The println() command tells you what the value of mouseX() and the variable i becomes when you move the mouse. Use this information and analyze the code deeply to understand how the two local variables (“distance” and “i“) work with mouseX and absolute value abs() to make this grayscale gradient animation work.

–> Look again. Why do the rectangles go black when the mouse is rolled over them?

This is a puzzle, you have all the clues you need in the program and the comments to answer this.

Make sure you understand before moving on.

–> Lastly, convert the above code so it uses a for” loop instead of a while” loop to achieve the same effect.

Exercise 7

Make the following randomly colored grid using two for loops.

Many solutions are possible. Play around and test your theories.

Work hard to solve the answer yourself before peeking at one possible solution here.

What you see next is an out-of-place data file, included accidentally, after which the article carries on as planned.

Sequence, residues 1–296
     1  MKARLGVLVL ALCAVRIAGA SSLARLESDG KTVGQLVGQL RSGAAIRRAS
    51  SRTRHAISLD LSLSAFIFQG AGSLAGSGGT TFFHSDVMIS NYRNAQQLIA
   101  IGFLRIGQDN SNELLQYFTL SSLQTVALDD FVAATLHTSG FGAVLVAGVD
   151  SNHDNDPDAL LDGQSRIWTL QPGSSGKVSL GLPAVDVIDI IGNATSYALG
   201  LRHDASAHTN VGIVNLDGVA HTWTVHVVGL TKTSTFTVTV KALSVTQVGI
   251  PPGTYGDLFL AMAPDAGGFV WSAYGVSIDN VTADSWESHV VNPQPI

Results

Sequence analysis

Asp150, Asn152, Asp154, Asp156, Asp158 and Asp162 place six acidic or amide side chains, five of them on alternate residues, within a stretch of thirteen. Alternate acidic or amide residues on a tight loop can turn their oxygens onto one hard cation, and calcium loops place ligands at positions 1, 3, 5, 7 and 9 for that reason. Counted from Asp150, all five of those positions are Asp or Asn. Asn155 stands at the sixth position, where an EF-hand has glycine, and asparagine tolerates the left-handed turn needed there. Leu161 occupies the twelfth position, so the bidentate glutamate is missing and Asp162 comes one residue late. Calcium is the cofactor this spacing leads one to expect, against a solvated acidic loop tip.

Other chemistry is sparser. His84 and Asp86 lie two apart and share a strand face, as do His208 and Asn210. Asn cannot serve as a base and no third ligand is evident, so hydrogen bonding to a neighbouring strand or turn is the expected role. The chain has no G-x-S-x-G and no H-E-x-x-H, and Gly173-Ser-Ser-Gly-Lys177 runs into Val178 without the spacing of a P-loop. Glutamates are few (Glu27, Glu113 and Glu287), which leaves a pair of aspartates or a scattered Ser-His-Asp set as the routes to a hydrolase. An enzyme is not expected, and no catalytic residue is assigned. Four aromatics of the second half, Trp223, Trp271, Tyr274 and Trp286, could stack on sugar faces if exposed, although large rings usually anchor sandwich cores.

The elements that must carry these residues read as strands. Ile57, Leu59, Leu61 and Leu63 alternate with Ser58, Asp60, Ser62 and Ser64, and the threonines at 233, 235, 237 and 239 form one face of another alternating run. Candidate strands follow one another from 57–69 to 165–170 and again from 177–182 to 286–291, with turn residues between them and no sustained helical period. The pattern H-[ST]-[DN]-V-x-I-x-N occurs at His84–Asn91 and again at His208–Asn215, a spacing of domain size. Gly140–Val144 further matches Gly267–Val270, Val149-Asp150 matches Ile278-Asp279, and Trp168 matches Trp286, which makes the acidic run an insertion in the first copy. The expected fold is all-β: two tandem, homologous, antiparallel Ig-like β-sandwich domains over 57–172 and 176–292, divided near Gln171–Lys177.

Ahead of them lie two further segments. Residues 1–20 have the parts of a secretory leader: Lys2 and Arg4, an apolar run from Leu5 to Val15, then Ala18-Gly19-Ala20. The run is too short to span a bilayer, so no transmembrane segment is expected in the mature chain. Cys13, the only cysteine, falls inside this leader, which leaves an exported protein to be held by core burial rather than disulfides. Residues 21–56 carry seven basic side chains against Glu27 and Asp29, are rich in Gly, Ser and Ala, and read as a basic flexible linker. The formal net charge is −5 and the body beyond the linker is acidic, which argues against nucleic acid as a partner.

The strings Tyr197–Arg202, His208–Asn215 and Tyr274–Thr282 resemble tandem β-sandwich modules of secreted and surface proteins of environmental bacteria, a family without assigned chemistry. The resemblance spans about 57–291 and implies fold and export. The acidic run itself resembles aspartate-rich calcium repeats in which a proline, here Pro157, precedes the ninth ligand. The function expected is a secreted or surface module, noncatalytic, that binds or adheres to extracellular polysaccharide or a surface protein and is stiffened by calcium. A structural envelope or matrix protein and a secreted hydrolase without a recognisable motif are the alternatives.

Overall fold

Exercise 8

In the previous exercise you nested two for loops to achieve the multi-color grid. Now, repeat this exercise using two nested while loops.

Peek at the answer when you are finished

If the above concepts aren’t clicking for you or if you would like a fun review of these coding ideas, then try watching the very animated and informal free video tutorials by NYU professor and Processing champion, Daniel Shiffman.

The videos which reference this webpage:

While Loops

Two Loop Grid Exercise

For Loops

Variable Scope

Loop vs Draw, Important Distinction!

Nested Loops

Also, For Loops are explained here in another way by Jose Sanchez of the Plethora Project.